I came across this piece I wrote over ten years ago and decided to post it. Reading through it I thought, oh my, what a difference a decade makes! I am not as audacious now as then, for sure. I know I TRULY have no more time to waste, not to mention money to spend!
Since I wrote the following piece, I have fallen as much in love with jewelry making, acrylic painting, and decorating hat boxes (not at the same time) as with all the other creative endeavors preceding them. Those things naturally ran their course the same as did the others I wrote about back then. Always I come back to my writing. It patiently waits for me, my old, most faithful, long-suffering friend. I will never say never, but for now, I believe my addiction to dabbling in various distractions and dalliances, has truly lost its passion, I really do. The years have gotten away from me, and now the time has come to settle down and seriously focus. I have two books to finish. But again, the best laid plans. . . . Continue reading Best Laid Plans
I left Tennessee toward the middle of February, halfway thinking about following my old friend Crockett to Texas to see what was happening there. The Colonel had lost his appetite for Washington politics, according to a man who came into the shop one day saying he had read about it in a copy of the Alabama Watchman. I suspect Davy simply tired of having his honor trampled by the likes of Andrew Jackson, and opted for more worthy pursuits. For whatever reason, most likely adventure, he went to Texas. Continue reading Choices: Chapter 9
Upon my return, I noticed something peculiar in CB’s behavior. He seemed preoccupied, on edge, not at all himself. At first I thought it had to do with me personally, something I had done, or said. It nagged at me that he could be holding me accountable for the death of Louis, finding himself somehow caught in the middle, between the Friedel loss and my part in it. He had become close with the Friedel family, visiting their farm often, tending a full blown romance with Isabel. Or, I surmised, perhaps he was simply ill at ease with me, not knowing how to address my loss. He had expected me to return with my wife and baby, my family. It could be that my bereavement was more than he was sophisticated enough to process, not as acclimated in the white man’s ways as I had thought. Continue reading Choices: Chapter 8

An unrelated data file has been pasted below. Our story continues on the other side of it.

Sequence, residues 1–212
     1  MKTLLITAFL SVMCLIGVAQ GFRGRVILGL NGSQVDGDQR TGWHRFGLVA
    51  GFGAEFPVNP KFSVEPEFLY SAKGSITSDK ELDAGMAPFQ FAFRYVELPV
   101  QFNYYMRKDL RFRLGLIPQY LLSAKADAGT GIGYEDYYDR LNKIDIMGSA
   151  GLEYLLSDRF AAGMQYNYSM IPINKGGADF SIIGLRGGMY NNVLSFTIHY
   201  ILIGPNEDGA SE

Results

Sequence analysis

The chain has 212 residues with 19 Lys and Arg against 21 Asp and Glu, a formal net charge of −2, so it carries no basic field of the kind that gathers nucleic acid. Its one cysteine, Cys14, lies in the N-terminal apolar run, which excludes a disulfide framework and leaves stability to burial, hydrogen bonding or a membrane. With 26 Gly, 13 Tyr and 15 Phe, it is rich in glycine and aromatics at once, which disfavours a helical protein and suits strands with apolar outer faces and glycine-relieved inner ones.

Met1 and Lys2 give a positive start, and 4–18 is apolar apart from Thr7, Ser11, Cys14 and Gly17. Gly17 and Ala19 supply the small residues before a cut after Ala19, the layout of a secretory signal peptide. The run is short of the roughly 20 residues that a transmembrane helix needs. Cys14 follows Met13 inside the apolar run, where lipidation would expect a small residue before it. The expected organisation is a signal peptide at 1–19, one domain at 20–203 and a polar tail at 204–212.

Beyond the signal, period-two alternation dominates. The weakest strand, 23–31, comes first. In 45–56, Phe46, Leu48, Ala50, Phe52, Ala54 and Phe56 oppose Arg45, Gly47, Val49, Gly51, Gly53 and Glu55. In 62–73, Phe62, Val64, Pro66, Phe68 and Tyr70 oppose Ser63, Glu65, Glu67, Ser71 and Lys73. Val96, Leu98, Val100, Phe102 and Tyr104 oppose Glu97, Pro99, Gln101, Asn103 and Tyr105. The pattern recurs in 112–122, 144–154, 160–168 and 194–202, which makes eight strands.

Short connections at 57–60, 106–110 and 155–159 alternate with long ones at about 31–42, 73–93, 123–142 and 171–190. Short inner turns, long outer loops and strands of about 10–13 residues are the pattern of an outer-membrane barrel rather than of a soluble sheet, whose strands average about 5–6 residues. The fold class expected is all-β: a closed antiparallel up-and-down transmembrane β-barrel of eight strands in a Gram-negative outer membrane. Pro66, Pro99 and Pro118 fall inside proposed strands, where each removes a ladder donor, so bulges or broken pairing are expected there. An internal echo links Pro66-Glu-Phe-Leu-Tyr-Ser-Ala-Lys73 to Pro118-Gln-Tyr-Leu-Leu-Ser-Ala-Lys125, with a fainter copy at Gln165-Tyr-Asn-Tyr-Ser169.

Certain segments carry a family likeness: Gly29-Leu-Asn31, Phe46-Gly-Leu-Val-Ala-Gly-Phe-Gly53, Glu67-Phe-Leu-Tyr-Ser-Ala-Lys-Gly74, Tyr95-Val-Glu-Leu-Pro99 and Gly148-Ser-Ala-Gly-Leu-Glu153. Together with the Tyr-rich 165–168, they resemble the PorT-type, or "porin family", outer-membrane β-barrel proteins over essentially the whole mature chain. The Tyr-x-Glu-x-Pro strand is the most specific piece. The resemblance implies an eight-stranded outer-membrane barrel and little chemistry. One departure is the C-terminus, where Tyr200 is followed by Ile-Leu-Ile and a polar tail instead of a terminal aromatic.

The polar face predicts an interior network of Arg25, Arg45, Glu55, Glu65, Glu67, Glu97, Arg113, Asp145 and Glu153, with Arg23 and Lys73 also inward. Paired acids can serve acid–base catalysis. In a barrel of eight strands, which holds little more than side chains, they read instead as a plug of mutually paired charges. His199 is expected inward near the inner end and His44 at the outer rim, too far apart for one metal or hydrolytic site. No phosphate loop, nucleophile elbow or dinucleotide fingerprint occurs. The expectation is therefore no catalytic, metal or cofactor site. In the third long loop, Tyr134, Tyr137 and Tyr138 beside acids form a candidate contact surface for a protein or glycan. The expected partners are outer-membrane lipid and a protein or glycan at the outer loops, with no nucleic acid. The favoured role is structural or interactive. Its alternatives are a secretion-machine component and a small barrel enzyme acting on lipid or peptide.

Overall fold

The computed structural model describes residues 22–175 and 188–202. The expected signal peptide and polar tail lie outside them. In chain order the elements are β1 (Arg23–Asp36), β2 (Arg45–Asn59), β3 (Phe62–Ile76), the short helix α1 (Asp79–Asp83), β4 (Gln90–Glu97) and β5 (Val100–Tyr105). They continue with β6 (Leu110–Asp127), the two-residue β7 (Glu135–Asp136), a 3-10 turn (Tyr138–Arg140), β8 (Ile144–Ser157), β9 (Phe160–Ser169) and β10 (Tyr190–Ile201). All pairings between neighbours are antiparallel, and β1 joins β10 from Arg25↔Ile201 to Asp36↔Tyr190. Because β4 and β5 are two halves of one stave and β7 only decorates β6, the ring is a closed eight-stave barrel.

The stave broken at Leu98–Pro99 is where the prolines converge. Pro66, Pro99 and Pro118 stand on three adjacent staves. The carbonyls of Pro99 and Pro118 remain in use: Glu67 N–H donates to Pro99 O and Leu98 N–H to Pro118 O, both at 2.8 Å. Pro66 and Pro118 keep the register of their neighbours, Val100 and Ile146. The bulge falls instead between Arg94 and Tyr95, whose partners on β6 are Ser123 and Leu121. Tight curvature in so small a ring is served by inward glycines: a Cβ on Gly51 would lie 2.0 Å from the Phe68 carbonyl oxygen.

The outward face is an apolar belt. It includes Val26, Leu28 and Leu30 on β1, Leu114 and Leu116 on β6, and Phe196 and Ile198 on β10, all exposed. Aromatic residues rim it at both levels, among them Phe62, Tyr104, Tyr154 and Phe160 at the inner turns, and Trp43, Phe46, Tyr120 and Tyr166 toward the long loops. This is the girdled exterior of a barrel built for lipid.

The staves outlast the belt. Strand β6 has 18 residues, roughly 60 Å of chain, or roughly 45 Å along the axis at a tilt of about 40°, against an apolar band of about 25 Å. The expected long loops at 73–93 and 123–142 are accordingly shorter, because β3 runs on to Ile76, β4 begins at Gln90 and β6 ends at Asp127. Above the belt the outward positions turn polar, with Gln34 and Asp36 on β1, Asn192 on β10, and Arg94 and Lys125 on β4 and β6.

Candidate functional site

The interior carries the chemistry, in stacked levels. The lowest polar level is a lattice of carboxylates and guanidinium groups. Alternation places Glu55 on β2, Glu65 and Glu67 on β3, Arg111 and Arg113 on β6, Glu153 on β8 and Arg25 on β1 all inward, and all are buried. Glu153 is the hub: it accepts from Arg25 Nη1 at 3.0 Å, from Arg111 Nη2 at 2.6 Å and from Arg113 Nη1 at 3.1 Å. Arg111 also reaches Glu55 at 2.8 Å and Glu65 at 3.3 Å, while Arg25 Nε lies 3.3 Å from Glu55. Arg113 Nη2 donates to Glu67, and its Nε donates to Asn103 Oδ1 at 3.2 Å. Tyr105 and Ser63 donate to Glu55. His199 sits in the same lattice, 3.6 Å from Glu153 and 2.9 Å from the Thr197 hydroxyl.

God did not live in Eden,
he only came to visit.
He enjoyed the fragrance of life
pulsating from the paradise,
and claimed it –
for he was God, the Imperialist.
The man and the woman were, in truth,
Children of the Earth;
germinating, they had erupted from her fertile source,
the way of all life in the garden.
Serpentina, the Magnificent, the Queen of Eden,
tilled the soil, and knew Earth intimately.
God, the Missionary, forthrightly
converted the children.
He laid down the law of the land:
“Ask no questions,” he said,
defining the mind’s curiosity as sin.
But Serpentina, the Wisdom in Eden, was a thorn in the
heel of the intruder,
for when she appealed to Eve’s intuition,
Enlightenment came to the daughter.
with unpardonable independence.
In Eve’s defense, there was no guilt.
There was no crime, and Adam never fell.
In fact, they stood and questioned God,
who promptly convicted them.
Esta, old and dying, stood at the gate. She had lived from the beginning to the end. She had come from the place of perpetual bliss to this planet of death, but she had not come freely. She sank to the ground, her wizened old fingers clutching the dirt, as she summoned the great wings of thought. Come, take me back to Ova, she willed. As her head fell to rest upon the brown parchment remains of the garden’s dying trees, Esta remembered. Ova was gone. Continue reading The Last Ovalian
Way back there in birthing bed
alone again she’d weep.
Year after year, new flesh, new bone,
pushed out like temporal teeth.
Ripped from its sockets by the roots,
life gasped and screamed for air,
then quieted down in perfect peace
to rich maternal fare.
Grandmother soil, warm and fertile,
the perfect garden spot.
She was Eve in efflorescence:
Black-eyed Susans, Blazing Stars,
Snow-drops, Spring Beauties, Ragweed and Clover.
She was Eden, perennially pregnant.
Wildflowers, we speckle the landscape,
earth’s laughter, we nourish and flavor the land.
Spawned one by one in darkened rooms,
loosed as fledglings from cradling hands: farmers, herders, builders, teachers, healers.
we explore, we discover,
we dance, we sing,
Once, a poetic woman
found the heartbeat of God
beneath a blade of grass.
She simply pulled the leaves apart
and felt the ancient pulse.
When she pressed her palm against the living earth,
and felt the power pounding,
she surely was compelled
To lay her body down.
Breast to breast,
heart to heart,
throbbing. Anita Stubbs
This old house squats around me, over me
Like a brooding mother hen,
Her wings spreading out, to gather me close,
To confine me to her sagging, cozy bosom.
This old house speaks to me, privately,
Like a jealous old lover,
Resenting the chiming doorbell,
The ringing telephone,
Their rude presumptuousness.
Nestling down around me,
Her creaking old body embraces my fears,
And I snuggle deeper into her womb. Anita Stubbs
Because you are
I’m fully conscious of unconditional love.
Because you are, I know the texture
of being the center of.
Your awareness of my being,
is not shared by anyone,
not by mother, sisters, father, brother,
not by husband, not by sons.
A daughter’s love, unique and pure,
cares as no one can.
As I am, you are.
as you are, I am. Anita Stubbs